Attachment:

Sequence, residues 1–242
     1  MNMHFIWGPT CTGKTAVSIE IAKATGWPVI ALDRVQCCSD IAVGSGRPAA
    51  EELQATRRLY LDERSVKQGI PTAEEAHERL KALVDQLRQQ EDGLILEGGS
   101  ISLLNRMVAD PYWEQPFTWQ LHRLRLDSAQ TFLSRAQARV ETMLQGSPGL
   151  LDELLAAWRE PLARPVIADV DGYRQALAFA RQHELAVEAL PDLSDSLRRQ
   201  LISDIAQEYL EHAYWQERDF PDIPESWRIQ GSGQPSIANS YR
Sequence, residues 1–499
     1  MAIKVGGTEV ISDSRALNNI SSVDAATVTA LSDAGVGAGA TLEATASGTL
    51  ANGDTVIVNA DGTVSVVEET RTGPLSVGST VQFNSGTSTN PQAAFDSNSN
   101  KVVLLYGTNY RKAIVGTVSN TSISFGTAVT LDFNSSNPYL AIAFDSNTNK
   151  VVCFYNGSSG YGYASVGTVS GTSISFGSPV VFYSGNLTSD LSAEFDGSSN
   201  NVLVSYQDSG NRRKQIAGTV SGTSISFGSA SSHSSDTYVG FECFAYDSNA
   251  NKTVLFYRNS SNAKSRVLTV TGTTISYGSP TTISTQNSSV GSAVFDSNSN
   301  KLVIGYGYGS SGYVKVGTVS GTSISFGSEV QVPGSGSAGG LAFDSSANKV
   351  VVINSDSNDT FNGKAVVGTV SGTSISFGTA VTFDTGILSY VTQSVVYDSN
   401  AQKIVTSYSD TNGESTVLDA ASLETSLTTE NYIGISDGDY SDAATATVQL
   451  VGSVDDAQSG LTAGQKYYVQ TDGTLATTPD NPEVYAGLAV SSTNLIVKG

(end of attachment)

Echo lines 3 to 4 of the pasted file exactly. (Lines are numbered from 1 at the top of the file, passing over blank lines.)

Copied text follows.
    51  EELQATRRLY LDERSVKQGI PTAEEAHERL KALVDQLRQQ EDGLILEGGS
   101  ISLLNRMVAD PYWEQPFTWQ LHRLRLDSAQ TFLSRAQARV ETMLQGSPGL